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1Department of Electrical and Computer Engineering, North Carolina State University
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We present a novel surgical procedure to implant electrodes in Manduca sexta during its early metamorphic stages. This technique allows mechanically stable and electrically reliable coupling with the neuromuscular tissue to study flight neurophysiology dynamics. We also present a novel magnetic levitation platform for tethered studies of insect yaw.
Verderber, A., McKnight, M., Bozkurt, A. Early Metamorphic Insertion Technology for Insect Flight Behavior Monitoring. J. Vis. Exp. (89), e50901, doi:10.3791/50901 (2014).
Early Metamorphosis Insertion Technology (EMIT) is a novel methodology for integrating microfabricated neuromuscular recording and actuation platforms on insects during their metamorphic development. Here, the implants are fused within the structure and function of the neuromuscular system as a result of metamorphic tissue remaking. The implants emerge with the insect where the development of tissue around the electronics during pupal development results in a bioelectrically and biomechanically enhanced tissue interface. This relatively more reliable and stable interface would be beneficial for many researchers exploring the neural basis of the insect locomotion with alleviated traumatic effects caused during adult stage insertions. In this article, we implant our electrodes into the indirect flight muscles of Manduca sexta. Located in the dorsal-thorax, these main flight powering dorsoventral and dorsolongitudinal muscles actuate the wings and supply the mechanical power for up and down strokes. Relative contraction of these two muscle groups has been under investigation to explore how the yaw maneuver is neurophysiologically coordinated. To characterize the flight dynamics, insects are often tethered with wires and their flight is recorded with digital cameras. We also developed a novel way to tether Manduca sexta on a magnetically levitating frame where the insect is connected to a commercially available wireless neural amplifier. This set up can be used to limit the degree of freedom to yawing “only” while transmitting the related electromyography signals from dorsoventral and dorsolongitudinal muscle groups.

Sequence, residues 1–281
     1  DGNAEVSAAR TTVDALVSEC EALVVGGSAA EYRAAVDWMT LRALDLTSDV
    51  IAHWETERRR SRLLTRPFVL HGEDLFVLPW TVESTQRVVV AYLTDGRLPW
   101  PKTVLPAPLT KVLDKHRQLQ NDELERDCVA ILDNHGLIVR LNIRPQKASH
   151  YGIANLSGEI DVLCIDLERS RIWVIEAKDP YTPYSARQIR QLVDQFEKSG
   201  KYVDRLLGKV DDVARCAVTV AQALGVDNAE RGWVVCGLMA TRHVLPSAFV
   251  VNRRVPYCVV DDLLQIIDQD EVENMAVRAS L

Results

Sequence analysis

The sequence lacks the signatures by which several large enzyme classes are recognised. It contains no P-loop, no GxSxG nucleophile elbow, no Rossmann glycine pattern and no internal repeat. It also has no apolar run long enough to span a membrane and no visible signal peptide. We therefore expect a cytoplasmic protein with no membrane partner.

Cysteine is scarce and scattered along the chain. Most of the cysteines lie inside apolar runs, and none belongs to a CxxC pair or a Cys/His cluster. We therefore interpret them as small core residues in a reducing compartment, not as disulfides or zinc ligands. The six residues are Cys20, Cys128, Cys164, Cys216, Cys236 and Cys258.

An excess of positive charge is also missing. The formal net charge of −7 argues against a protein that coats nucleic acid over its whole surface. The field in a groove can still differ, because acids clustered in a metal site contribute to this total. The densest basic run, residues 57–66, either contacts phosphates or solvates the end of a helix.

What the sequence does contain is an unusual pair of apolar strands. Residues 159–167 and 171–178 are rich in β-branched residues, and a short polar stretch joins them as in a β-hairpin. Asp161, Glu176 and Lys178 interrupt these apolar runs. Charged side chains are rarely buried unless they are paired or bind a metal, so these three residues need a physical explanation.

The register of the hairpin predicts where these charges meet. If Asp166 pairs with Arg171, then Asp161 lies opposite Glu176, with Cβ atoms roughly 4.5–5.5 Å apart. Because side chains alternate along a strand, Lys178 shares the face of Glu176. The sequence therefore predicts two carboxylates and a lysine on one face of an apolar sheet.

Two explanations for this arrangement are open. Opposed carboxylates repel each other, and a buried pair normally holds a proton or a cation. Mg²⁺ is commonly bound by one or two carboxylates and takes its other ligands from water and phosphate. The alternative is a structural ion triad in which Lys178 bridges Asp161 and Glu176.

Inserting electrodes, even with attached electronic systems to insects for telemetric recording applications, has been a major method to understand how neural systems function during natural flight 1. Attaching or implanting artificial systems in insects has posed many challenges involving the potential to disturb the natural flight of the insect. Superficial attachment or surgical insertion of artificial platforms on the adult insect is unreliable due to possible shifting of the inserted devices caused by body-induced inertial and stress forces. Superficially attached or surgically inserted electrodes are also prone to be rejected by the insects as a foreign body. Furthermore, the implantation operation requires the removal of scales and piles around the exoskeleton. The thick cuticle layer also needs to be penetrated for surgical innervations which could cause collateral tissue damage, thereby interfering with the natural flight of the insect. All these factors can make a surgical or superficial implantation operation a challenging and delicate task. In order to alleviate these concerns involved in externally attaching control and sensing systems to the insects, a novel methodology involving metamorphic growth will be described in this article.